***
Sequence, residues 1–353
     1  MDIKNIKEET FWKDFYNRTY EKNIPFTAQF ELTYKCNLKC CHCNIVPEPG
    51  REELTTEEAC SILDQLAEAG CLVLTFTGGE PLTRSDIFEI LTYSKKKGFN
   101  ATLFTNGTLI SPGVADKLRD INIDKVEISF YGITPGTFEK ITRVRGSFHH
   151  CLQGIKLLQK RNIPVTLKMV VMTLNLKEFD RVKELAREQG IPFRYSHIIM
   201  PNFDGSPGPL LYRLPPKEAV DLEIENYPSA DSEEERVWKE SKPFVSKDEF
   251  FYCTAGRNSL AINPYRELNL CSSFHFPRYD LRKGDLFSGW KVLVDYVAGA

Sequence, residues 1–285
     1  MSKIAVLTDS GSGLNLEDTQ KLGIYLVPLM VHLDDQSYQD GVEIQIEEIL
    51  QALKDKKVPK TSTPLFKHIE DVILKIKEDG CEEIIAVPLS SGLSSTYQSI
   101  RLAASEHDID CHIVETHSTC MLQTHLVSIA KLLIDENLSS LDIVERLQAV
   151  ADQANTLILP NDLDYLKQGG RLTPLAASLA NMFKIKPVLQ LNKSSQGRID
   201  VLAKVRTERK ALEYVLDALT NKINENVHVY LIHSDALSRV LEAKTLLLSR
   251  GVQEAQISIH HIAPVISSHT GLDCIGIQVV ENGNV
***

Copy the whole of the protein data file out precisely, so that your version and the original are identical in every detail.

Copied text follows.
Sequence, residues 1–353
     1  MDIKNIKEET FWKDFYNRTY EKNIPFTAQF ELTYKCNLKC CHCNIVPEPG
    51  REELTTEEAC SILDQLAEAG CLVLTFTGGE PLTRSDIFEI LTYSKKKGFN
   101  ATLFTNGTLI SPGVADKLRD INIDKVEISF YGITPGTFEK ITRVRGSFHH
   151  CLQGIKLLQK RNIPVTLKMV VMTLNLKEFD RVKELAREQG IPFRYSHIIM
   201  PNFDGSPGPL LYRLPPKEAV DLEIENYPSA DSEEERVWKE SKPFVSKDEF
   251  FYCTAGRNSL AINPYRELNL CSSFHFPRYD LRKGDLFSGW KVLVDYVAGA

Sequence, residues 1–285
     1  MSKIAVLTDS GSGLNLEDTQ KLGIYLVPLM VHLDDQSYQD GVEIQIEEIL
    51  QALKDKKVPK TSTPLFKHIE DVILKIKEDG CEEIIAVPLS SGLSSTYQSI
   101  RLAASEHDID CHIVETHSTC MLQTHLVSIA KLLIDENLSS LDIVERLQAV
   151  ADQANTLILP NDLDYLKQGG RLTPLAASLA NMFKIKPVLQ LNKSSQGRID
   201  VLAKVRTERK ALEYVLDALT NKINENVHVY LIHSDALSRV LEAKTLLLSR
   251  GVQEAQISIH HIAPVISSHT GLDCIGIQVV ENGNV